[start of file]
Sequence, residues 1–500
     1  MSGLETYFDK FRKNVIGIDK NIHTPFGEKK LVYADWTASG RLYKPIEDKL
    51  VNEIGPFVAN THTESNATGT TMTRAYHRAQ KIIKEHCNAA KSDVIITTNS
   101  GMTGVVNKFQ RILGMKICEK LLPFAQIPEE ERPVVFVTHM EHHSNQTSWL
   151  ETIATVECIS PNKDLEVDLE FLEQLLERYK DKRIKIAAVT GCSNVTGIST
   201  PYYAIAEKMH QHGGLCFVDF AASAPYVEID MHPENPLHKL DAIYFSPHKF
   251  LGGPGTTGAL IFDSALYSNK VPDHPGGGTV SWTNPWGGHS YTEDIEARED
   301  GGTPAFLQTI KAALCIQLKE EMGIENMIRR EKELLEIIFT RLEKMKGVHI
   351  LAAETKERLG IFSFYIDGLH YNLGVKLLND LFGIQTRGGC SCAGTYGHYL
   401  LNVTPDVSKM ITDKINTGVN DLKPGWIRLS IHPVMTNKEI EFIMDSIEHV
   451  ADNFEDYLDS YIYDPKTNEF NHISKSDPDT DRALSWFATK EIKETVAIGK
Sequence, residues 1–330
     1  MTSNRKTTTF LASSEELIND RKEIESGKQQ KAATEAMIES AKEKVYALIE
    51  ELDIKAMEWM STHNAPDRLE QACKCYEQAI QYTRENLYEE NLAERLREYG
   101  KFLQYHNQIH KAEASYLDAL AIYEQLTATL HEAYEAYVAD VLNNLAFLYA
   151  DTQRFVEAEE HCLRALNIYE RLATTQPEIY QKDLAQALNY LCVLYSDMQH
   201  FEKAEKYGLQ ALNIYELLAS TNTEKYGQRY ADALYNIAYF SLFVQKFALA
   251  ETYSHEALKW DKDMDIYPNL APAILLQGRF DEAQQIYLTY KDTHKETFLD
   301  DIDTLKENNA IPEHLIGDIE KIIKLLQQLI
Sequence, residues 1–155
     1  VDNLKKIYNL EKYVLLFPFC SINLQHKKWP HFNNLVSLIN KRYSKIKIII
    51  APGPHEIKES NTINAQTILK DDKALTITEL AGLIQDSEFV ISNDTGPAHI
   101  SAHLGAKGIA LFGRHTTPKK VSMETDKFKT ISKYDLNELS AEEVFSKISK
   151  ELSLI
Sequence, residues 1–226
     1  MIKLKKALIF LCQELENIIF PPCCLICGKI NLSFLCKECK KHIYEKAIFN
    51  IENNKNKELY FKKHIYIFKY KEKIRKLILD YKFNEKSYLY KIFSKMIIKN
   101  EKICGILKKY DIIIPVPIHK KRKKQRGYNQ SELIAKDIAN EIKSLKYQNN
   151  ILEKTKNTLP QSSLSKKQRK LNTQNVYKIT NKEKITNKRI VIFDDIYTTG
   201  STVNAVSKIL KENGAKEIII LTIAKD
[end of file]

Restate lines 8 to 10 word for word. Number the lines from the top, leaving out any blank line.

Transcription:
   301  GGTPAFLQTI KAALCIQLKE EMGIENMIRR EKELLEIIFT RLEKMKGVHI
   351  LAAETKERLG IFSFYIDGLH YNLGVKLLND LFGIQTRGGC SCAGTYGHYL
   401  LNVTPDVSKM ITDKINTGVN DLKPGWIRLS IHPVMTNKEI EFIMDSIEHV